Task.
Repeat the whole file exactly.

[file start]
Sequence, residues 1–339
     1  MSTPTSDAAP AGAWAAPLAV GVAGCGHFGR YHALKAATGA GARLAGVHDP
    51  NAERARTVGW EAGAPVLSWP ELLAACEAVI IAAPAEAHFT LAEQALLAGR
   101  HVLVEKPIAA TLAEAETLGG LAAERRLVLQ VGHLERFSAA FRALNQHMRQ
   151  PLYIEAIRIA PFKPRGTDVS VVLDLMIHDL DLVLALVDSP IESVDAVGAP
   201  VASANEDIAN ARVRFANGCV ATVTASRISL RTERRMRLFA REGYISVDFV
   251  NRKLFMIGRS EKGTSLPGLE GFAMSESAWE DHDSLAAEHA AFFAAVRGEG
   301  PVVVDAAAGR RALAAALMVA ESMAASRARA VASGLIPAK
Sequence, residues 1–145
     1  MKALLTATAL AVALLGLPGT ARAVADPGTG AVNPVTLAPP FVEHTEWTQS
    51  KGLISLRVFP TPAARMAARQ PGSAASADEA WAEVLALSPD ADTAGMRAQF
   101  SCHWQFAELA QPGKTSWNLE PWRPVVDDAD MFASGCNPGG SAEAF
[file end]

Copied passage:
Sequence, residues 1–339
     1  MSTPTSDAAP AGAWAAPLAV GVAGCGHFGR YHALKAATGA GARLAGVHDP
    51  NAERARTVGW EAGAPVLSWP ELLAACEAVI IAAPAEAHFT LAEQALLAGR
   101  HVLVEKPIAA TLAEAETLGG LAAERRLVLQ VGHLERFSAA FRALNQHMRQ
   151  PLYIEAIRIA PFKPRGTDVS VVLDLMIHDL DLVLALVDSP IESVDAVGAP
   201  VASANEDIAN ARVRFANGCV ATVTASRISL RTERRMRLFA REGYISVDFV
   251  NRKLFMIGRS EKGTSLPGLE GFAMSESAWE DHDSLAAEHA AFFAAVRGEG
   301  PVVVDAAAGR RALAAALMVA ESMAASRARA VASGLIPAK
Sequence, residues 1–145
     1  MKALLTATAL AVALLGLPGT ARAVADPGTG AVNPVTLAPP FVEHTEWTQS
    51  KGLISLRVFP TPAARMAARQ PGSAASADEA WAEVLALSPD ADTAGMRAQF
   101  SCHWQFAELA QPGKTSWNLE PWRPVVDDAD MFASGCNPGG SAEAF